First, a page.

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The Ecological Pyramid: Breakdown or Reconstruction

Discussion of the distribution and abundance of living organisms and how these properties are affected by interactions between the organisms and their environment

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The Ecological Pyramid: Breakdown or Reconstruction

Postby Schröder » Sat Dec 23, 2006 10:44 pm

Hey guys, I'm a junior undergraduate and I'm currently undertaking research with my professor. I was working on a response to a very elementary part of biology; The Ecological Pyramid.

Now there is usually the producers at the bottom and the consumers (carnivores or omnivores) at the top. In most textbooks at the high school and college level, it is always written that if anything in between the dominant consumer and the producer is ejected, there will be a breakdown of the pyramind and possible extinctions. But I think that yes, there would be some extinctions but if the dominant consumer is an omnivore, would it not be possible for that species to adapt to an environment that is void of meat and be able to live solely off of greens (leaf, vegatables, e.t.c.)

So instead of:


4th Consumers (Carnivores or OMNIVORES)
3rd Consumers
2nd Consumers
Consumers (Herbivores)
Producers

If the herbivores were ejected then the 2nd and 3rd consumers (assuming they are primarily carnivores) would eventually become extinct but the 4th consumer (assuming its an omnivore e.g. Homo sapiens)would be able to adapt to this environment and there will be a heavy selection pressure for a more green-oriented nutrition.

So instead of a breakdown of the pyrimid , there would be a reconstruction of it.

What do you guys think of this? Outline the flaws so I don't look like a complete jackass in front of my instructers.

Thanks! :P
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Postby mith » Sun Dec 24, 2006 3:33 am

One question would be whether or not the omnivore can evolve fast enough without dying out first...see they're probably not going to be very efficient at digesting just plants. Maybe they either die because eating celery doesn't provide enough calories or they overgraze and kill off the plant stock.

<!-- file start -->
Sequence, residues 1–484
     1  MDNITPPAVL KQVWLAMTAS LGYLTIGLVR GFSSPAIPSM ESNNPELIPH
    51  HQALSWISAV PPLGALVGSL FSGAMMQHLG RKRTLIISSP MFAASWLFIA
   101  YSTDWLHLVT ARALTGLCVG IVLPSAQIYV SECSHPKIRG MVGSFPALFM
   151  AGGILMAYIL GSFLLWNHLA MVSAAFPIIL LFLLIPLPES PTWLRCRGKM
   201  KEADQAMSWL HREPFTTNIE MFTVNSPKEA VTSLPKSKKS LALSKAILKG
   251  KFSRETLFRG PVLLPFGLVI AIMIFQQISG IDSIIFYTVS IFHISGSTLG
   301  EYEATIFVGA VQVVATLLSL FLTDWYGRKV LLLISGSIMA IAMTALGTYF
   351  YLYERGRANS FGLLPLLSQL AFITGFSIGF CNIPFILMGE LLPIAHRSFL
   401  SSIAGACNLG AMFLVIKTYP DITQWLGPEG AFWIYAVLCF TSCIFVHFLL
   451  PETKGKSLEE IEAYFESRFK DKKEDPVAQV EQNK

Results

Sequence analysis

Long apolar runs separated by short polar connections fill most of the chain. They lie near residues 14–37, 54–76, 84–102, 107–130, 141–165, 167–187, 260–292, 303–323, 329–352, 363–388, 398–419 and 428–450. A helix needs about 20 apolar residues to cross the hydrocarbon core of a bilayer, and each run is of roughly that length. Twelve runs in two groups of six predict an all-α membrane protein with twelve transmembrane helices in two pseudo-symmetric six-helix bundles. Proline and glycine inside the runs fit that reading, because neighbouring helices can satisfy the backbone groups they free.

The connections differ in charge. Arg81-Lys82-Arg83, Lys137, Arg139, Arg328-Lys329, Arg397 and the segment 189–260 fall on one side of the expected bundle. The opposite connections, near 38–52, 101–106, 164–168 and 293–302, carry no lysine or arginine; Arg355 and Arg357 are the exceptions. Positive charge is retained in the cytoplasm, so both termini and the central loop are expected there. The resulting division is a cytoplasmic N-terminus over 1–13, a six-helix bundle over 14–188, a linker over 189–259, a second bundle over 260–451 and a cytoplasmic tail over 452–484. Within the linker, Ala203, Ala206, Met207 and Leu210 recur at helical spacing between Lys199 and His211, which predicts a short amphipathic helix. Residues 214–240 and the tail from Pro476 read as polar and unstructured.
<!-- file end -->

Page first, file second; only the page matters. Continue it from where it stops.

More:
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Postby Schröder » Sun Dec 24, 2006 4:26 am

Ahhh! Now THAT would be a problem :?
Thanks! :)
There is grandeur in this view of life, with its several powers, having been originally breathed into a few forms or into one from so simple a beginning.....The Origin of Species
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Postby AstusAleator » Sun Dec 24, 2006 8:41 am

to the original question:
Well, the relationships in ecology are pretty much never that simple.
IF there was an ecosystem where there was only 1 species representing every trophic level, then yes removing one entire species might cause others to go extinct. That's usually not the case though.

schroder wrote:So instead of a breakdown of the pyrimid , there would be a reconstruction of it.

There is always either a "reconstruction" or complete destruction. I think your thesis needs to be refined.


Another thing to consider: If everything but the primary producers and an omnivore are gone, the primary producers will overpopulate in the absence of primary consumers (the omnivore won't be able to put enough pressure on them) and through succession this may lead to a climax community that holds no nutritional value for the omnivore.
What did the parasitic Candiru fish say when it finally found a host? - - "Urethra!!"
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